Fêtes and Feasts: Diplomatic Dining and the Noble Table 1660-1830
What do Italian architects, English, French and German diplomats and noblemen, and French chefs all have in common? Between the 17th century and 1830, they served up fantastical “table architecture” to honor their noble and royal guests.
These tables showcased lavish temples; beautiful arrangements of food; specially created sugar and porcelain sculptures; silver and gilded display pieces; and even table fireworks.
Marriages, diplomatic visits and treaty signings turned these meals into theatrical extravaganzas, in which the chef played the role of master of ceremonies, organizing all the details including musical entertainment to accompany the cuisine. When James II of England acceded to the throne in 1685, he sent Lord Castlemayne to Rome as Ambassador to the Vatican where he arranged an elaborate banquet in honor of the Pope.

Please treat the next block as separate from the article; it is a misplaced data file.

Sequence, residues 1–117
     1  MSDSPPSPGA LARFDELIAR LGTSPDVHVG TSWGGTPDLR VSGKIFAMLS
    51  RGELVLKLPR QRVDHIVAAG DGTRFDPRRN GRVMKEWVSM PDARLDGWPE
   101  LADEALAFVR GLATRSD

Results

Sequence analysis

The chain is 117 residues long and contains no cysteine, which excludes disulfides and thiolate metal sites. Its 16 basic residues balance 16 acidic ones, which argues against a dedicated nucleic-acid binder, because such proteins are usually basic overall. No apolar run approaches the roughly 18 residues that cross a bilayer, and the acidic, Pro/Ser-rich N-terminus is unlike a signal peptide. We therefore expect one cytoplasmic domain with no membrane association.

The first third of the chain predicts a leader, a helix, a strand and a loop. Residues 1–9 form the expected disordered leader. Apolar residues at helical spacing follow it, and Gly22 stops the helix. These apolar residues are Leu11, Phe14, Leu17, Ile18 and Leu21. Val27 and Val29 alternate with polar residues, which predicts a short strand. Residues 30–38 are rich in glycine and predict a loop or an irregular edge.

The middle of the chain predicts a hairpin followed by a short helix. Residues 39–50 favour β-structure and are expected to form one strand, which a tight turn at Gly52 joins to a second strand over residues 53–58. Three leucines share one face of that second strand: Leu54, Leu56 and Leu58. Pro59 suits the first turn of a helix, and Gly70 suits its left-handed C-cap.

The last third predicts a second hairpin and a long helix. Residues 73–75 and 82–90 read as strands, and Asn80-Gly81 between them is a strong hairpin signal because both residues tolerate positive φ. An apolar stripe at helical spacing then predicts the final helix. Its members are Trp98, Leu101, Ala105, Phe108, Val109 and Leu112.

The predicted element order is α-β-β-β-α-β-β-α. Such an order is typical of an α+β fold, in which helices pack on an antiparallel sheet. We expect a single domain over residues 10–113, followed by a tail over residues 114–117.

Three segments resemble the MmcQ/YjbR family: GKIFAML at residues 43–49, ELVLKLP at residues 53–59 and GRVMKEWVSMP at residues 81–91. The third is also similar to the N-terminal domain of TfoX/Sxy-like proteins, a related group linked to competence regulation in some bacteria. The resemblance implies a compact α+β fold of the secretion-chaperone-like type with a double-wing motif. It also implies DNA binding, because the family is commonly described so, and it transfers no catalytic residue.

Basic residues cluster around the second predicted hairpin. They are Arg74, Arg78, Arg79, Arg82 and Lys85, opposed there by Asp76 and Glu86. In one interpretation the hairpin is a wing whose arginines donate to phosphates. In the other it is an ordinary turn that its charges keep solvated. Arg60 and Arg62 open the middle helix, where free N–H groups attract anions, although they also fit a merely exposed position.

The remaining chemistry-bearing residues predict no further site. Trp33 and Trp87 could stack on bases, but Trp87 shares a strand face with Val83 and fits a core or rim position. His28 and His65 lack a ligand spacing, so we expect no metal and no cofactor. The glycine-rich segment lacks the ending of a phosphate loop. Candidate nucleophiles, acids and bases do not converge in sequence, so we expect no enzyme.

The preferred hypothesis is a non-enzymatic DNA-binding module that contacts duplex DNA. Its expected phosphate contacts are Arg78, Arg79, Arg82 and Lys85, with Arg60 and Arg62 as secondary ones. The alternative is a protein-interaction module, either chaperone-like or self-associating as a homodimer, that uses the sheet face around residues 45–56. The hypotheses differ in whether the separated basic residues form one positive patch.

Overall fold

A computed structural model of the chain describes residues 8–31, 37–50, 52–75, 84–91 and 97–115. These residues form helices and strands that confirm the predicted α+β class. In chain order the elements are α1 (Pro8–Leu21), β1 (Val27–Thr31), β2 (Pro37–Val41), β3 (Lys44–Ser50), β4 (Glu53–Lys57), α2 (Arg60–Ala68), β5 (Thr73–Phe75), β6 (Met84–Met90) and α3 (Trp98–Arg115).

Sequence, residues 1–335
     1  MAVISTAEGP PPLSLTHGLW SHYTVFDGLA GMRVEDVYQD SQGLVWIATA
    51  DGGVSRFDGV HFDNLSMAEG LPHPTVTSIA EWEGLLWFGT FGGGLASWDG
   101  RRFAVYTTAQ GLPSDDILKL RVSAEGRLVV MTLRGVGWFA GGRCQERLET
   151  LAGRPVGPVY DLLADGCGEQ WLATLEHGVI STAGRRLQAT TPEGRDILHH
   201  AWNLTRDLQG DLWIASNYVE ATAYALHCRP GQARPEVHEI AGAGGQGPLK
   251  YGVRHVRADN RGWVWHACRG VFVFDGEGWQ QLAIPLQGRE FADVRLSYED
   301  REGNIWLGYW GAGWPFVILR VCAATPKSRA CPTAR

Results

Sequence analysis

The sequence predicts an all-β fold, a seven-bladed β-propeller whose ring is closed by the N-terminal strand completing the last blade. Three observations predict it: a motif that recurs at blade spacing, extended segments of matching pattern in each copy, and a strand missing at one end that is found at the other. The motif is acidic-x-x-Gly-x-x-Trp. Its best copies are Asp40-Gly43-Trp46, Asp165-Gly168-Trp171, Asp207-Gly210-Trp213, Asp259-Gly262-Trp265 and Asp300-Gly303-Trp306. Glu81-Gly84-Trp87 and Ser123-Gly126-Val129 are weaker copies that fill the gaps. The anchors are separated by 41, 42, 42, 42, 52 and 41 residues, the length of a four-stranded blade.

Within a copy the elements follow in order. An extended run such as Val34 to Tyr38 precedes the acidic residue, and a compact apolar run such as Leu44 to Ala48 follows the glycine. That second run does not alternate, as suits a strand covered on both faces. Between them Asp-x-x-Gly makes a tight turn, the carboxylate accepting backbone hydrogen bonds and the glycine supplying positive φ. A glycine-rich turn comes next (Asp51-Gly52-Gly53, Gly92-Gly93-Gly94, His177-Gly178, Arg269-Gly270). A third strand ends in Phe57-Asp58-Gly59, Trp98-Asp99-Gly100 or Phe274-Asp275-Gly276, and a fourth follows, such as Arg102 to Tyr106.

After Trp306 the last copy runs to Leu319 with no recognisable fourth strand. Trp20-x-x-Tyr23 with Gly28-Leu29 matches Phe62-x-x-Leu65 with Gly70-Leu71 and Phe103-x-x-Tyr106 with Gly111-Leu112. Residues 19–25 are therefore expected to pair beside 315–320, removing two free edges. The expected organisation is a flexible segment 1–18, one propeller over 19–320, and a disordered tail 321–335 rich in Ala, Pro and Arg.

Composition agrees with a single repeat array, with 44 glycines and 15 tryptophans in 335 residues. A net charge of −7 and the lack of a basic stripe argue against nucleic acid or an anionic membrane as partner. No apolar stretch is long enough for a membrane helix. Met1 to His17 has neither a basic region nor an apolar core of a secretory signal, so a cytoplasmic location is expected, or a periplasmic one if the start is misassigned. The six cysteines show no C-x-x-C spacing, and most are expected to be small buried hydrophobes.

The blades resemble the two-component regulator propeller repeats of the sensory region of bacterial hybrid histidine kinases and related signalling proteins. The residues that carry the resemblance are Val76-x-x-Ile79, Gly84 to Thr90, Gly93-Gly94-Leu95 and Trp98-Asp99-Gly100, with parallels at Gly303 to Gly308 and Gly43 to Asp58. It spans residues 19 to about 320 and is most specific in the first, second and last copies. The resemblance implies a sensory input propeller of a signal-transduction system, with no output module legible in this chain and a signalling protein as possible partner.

While Italy and France led the way in culinary fashion, English visitors and diplomats were often the beneficiaries and sometimes the hosts. Chef Antonin Câreme’s splendid dinner for the Treaty of Versailles attended by Alexander I of Russia, Tallyrand, and others led to the chef briefly being lured to England by George IV for a State Dinner for Tsar Alexander in 1816, who tempted the chef to then travel to Russia.
Sarah Coffin, will recount some of these amazing meals and illustrate the elaborate table settings and accoutrements devised to impress guests from the top echelons of European society and royalty. She will provide first-hand accounts by observers, as well as show prints and paintings that show the masterpieces that were created for the pleasures of the table.